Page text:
A few miles south of Manta are a group of little towns each known by the unique wares that set them apart from their neighbors. Unlike the US, where it’s often difficult to distinguish between cities and towns with homogenous strip malls, big box and chain stores, it’s easy enough to pinpoint exactly where you are in this area.
Hat Town. Before we even reached our first destination, Montecristi, our friends all but hung their heads out the windows and inhaled deeply because we were passing a coffee roasting plant located off the side of the road. A-w-w-w! At a round-about, a statue of a woman, at least four stories tall and fashioned from tiles loomed over us, the effect slightly marred by bamboo scaffolding surrounding her for ongoing renovation work. Leaning slightly forward so that we had a view of her subtle smile and generous cleavage and supported by a traditional hat-makers stand, she was engaged in the art of weaving a hat.
And not just any hat but the original and misnamed “Panama” hat which was created in Ecuador but became famous when Teddy Roosevelt donned one while viewing the construction of the Panama Canal. The hats woven in Montecristi are an enormous point of pride with their residents because they are said to be of the finest quality. Stores line the streets, displaying not only the hats but beautifully woven hammocks, wickerwork, intricately fashioned straw baskets as well as rustic and good-quality handmade wood furniture.
Not to be overshadowed by its famous hats, the colonial city of Montecristi (founded in 1628) is also the birthplace of Eloy Alfaro Delgado (1842-1912), the leader of the Ecuadorian Liberal Revolution. A bronze statue of him resides in the central plaza in front of the elegant cathedral, Nuestra Madre de Monsarrate, alongside a huge and tiled mosaic of Alfaro’s portrait.
Statue Town. Upon resuming our journey we came to La Pila, also known to the locals as “Statue Town” for its ceramic statues of imitation pre-Columbian pottery, cherubs, dogs, horse heads, vases and other kitschy bric-a-brac and pottery lining the sidewalks and filling the stores. We stretched our legs and ambled about the displays for a bit, including the unadorned statue of the female potter at work – the city’s totem – but found little to tempt us among the goods.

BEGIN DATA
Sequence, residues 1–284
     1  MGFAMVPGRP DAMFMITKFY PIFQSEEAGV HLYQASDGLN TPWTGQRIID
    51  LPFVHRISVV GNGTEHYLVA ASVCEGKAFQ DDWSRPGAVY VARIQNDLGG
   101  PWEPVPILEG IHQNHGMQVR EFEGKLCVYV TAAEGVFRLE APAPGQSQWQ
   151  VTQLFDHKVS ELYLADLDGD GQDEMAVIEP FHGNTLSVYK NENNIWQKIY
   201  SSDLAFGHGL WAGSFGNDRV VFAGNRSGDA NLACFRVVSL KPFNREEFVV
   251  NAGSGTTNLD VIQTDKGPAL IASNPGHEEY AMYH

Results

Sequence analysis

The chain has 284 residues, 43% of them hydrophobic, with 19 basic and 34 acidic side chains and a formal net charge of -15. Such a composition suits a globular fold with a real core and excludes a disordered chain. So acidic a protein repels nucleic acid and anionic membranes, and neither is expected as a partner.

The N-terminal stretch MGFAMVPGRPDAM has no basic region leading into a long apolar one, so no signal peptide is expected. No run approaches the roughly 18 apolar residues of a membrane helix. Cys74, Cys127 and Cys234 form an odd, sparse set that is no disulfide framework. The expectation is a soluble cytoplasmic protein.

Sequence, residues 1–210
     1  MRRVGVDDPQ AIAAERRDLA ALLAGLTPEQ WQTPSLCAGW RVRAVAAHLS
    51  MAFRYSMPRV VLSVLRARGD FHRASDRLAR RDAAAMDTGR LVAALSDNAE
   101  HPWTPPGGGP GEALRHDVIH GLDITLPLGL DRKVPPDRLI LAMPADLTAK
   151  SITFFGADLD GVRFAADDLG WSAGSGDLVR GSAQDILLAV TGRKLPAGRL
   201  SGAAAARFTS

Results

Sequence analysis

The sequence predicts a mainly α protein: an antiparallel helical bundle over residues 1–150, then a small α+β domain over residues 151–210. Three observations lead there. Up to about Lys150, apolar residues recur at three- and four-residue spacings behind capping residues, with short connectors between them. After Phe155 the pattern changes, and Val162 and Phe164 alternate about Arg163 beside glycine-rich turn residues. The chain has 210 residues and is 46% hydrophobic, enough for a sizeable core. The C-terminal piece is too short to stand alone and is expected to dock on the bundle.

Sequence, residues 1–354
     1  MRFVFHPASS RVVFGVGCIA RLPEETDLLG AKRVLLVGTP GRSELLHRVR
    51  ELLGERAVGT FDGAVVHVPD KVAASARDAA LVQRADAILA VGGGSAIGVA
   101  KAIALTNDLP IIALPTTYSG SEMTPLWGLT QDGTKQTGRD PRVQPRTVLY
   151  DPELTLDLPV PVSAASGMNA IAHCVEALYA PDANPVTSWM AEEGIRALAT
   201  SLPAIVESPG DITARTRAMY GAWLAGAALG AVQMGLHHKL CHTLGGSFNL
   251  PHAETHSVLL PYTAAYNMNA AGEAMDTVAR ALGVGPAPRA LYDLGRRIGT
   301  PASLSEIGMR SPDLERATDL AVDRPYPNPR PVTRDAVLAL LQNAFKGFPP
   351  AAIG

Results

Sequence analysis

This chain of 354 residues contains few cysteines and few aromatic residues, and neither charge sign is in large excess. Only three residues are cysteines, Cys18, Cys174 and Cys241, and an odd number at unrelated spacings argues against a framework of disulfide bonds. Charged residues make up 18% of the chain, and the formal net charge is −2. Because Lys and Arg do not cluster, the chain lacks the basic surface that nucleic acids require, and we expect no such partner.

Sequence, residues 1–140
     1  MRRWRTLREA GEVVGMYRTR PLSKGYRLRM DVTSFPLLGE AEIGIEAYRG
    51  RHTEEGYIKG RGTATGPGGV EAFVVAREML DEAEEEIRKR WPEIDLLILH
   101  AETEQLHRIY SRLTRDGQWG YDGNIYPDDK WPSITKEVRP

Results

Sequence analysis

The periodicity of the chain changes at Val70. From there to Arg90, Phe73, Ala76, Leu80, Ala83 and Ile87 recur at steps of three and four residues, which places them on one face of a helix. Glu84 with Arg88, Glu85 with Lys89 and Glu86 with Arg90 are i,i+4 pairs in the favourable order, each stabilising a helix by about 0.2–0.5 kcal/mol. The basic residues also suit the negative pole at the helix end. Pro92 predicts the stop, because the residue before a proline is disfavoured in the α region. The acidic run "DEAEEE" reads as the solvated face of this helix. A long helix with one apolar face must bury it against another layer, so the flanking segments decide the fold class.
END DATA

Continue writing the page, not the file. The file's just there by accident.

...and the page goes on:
Honey Town. Further down the highway is a wide spot called “Honey Town” where shaded tables display jars, large and small, of various shades of golden honey. We walked among the various stands, smiling at the sellers and, after bargaining a bit, we left with a good-sized jar of Ceibo honey ($8) in which a generous piece of honeycomb was included. In retrospect, the inedible, waxy honeycomb might have been an unwise choice as we could have had more honey!
A huge ear of corn, betasseled and partially husked, towers behind a mosaic sign spelling out the town’s name. Lore has it that the town’s mayor, at the time of the statue’s conception, wanted a statue that would rival his neighbors; who cares if no corn is grown in or around Jipijapa? The town serves as a trade center for cocoa, cotton and coffee and, while not a tourist attraction, has a very photogenic Parque Central and the Comunidad Mercedari Catholic Church which is in the process of being repainted.
Ceibo Town. Okay, we’re making this one up! However, these unique trees that are found throughout the area deserve mention. During our journey we saw the Ceibo (Say-BO) trees standing in groups or solitary silhouettes against the skies.It wasn’t hard to understand why ancient people believed they connected earth to the heavens and allowed the ascent of ancient souls. At one time the cotton tufts (kapok) that grew on the trees were used for life vests but now the trees have negligible commercial value and this, along with the old beliefs, may have led to so many of them surviving and flourishing even while much of the land around these trees has been converted to agriculture. The trunks and branches were a bright velvety green and some of the limbs still had last season’s kapok clumps clinging to them.
Puerto Cayo. Our last stop before turning back to Manta was Puerto Cayo, a town that’s getting hype in the investment and expat press but struck a huge note of “buyer, beware” for us. We were left with the impression of a nowhere town with limited amenities and few stores located on an amazingly beautiful coast where the beaches go on for miles. Speculators have bought up large portions of land and are, with varied success, attempting to sell these coastal lots in pricey developments to foreigners who dream of retiring in paradise. However, from what little we could see, vacant lots far outnumbered the few homes that had been completed and sat behind lonely gates. And, although the scenery provided during the drive is both varied and lovely, it’s a long way back to Manta…
By Anita and Richard October 2014